Tag Archives: Chez Moha

The Spiral Tunnel of Tagountsa

spirtunaHigh up on the side of a remote High Atlas valley is an engineering marvel – hewn through the cliff face a spiral tunnel manages to curl down through the rock and emerge underneath itself.
spirmohaI was told about this curiosity in 2012 by the chap at the cozy Chez Moha auberge (right) in Aït Youb while researching the second edition of Morocco Overland. Riding a BMW F650GS, I followed his directions with the usual route-finding issues and then, beyond the last village, hacked up a stony disused track to the 2250-m (7340′) Tagountsa Pass. From the cliff edge I recall the timeless view stretching east up the Plain d’Amane valley towards Rich, pictured below and on p128 in the current book. A short distance later I spun through the tunnel and rolled down a series of switchbacks back to the valley floor and a tasty tajine back at the auberge.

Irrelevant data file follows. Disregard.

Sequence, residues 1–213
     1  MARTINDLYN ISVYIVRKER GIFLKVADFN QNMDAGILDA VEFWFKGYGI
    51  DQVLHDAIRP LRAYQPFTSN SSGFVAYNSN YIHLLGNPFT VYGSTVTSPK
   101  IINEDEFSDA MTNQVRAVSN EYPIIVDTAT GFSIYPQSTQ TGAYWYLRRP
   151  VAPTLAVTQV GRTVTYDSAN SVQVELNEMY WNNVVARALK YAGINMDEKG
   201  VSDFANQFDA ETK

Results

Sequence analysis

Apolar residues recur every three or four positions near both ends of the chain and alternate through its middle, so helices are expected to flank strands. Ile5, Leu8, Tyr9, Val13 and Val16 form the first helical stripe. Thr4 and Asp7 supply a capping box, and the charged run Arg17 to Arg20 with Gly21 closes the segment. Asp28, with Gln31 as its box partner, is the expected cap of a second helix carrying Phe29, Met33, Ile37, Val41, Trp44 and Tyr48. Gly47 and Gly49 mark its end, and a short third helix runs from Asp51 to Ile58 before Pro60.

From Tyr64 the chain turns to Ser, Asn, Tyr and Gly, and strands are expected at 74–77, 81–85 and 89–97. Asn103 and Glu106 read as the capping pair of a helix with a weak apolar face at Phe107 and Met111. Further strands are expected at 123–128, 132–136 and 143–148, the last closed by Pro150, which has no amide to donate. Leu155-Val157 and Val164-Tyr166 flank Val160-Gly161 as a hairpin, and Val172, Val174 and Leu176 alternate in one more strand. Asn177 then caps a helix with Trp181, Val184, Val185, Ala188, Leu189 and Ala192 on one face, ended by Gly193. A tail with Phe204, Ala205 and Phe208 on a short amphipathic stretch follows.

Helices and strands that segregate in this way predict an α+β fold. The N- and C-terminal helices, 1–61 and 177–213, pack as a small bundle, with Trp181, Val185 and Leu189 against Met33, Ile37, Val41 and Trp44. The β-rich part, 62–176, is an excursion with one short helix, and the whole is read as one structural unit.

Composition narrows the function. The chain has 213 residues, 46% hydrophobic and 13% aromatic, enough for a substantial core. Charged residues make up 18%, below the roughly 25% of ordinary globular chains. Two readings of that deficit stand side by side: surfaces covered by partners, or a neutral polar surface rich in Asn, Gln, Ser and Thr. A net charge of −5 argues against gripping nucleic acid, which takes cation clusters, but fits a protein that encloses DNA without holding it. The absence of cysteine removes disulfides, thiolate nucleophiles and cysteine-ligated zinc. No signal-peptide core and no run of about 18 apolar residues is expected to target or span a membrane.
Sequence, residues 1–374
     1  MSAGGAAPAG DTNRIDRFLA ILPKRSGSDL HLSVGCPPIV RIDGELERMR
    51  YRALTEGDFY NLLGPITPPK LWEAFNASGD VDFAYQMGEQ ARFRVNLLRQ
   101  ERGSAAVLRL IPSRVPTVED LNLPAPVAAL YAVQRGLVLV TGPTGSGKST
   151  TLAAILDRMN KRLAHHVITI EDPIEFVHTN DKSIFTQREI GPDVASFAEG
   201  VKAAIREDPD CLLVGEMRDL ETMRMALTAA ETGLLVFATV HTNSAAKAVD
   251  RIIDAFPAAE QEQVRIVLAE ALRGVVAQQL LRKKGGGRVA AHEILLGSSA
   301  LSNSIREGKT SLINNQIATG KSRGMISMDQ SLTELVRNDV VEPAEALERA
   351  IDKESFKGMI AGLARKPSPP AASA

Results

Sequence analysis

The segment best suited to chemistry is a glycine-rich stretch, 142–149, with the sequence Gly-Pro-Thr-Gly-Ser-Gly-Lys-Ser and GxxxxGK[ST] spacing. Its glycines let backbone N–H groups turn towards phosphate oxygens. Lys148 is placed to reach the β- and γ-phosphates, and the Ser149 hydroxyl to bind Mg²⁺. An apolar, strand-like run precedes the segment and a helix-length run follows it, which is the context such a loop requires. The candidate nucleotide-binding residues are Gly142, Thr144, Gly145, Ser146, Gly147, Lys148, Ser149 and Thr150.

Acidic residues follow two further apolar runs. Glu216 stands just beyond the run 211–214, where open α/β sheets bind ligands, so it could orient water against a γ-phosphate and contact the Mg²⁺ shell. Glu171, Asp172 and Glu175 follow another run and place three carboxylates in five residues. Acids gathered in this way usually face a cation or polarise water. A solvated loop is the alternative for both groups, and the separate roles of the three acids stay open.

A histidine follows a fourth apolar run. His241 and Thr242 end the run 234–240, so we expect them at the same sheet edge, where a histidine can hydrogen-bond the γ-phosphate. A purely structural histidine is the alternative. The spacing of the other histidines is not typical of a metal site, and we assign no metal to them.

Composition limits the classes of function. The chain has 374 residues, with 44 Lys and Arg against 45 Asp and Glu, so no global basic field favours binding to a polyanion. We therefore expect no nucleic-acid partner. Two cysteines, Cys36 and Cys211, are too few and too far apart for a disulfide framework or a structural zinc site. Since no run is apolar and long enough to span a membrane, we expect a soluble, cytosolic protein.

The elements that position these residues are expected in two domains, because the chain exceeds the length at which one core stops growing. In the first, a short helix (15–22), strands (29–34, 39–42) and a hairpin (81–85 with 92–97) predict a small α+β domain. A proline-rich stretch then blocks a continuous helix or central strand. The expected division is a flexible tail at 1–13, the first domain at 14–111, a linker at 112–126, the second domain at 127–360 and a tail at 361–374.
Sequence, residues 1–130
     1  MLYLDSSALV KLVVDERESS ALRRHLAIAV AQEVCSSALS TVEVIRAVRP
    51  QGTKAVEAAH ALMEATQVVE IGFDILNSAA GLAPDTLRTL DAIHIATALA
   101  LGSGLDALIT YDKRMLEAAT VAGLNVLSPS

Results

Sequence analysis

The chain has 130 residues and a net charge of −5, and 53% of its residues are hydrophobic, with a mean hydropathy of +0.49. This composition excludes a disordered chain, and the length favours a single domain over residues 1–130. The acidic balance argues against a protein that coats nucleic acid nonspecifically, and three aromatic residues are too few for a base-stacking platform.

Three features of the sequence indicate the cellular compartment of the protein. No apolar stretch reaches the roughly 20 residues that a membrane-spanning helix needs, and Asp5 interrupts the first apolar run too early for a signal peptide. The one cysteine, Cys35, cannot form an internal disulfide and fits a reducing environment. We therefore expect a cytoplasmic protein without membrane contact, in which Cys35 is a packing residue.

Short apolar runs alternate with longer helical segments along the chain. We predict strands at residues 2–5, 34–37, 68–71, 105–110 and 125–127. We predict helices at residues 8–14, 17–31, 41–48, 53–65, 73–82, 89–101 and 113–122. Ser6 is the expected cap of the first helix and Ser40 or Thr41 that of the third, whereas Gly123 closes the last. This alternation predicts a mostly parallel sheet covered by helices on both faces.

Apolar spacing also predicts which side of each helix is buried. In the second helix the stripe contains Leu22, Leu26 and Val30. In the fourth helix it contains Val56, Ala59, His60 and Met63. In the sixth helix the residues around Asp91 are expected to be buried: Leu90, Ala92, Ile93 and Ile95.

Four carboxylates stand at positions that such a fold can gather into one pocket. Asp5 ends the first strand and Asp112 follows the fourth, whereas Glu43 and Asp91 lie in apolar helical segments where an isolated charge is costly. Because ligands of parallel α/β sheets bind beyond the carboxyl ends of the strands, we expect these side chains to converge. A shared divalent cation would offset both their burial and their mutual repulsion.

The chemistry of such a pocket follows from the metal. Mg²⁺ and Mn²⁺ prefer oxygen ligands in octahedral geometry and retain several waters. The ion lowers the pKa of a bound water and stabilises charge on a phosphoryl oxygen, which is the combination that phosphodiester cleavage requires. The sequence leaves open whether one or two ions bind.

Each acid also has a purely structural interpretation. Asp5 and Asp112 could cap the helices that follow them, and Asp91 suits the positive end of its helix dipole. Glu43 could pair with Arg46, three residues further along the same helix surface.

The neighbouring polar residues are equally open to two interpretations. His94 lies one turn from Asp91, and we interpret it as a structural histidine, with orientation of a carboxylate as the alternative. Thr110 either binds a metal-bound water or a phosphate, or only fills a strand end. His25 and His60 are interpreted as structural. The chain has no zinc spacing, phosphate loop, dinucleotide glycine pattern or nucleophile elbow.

tang

Spiral tunnels have been a long-established solution to constricted route building challenges across mountains. You could even say that your typical complex freeway intersection where the road winds back under itself to change direction tightly is the same thing in flyover form. But you must admit that hacking out any type of tunnel – let alone one where there’s no room to dig out a regular switchback – is an impressive task.

spirplakyvromNot for the first time on this website, I’m able to benefit from research of Yves Rohmer (right) on his always fascinating collection of old Saharan curiosities at Saharayro, including the Tagountsa tunnel. Viewed on Google Earth, the big picture is more vividly rendered setting View > Historical Imagery back a few years.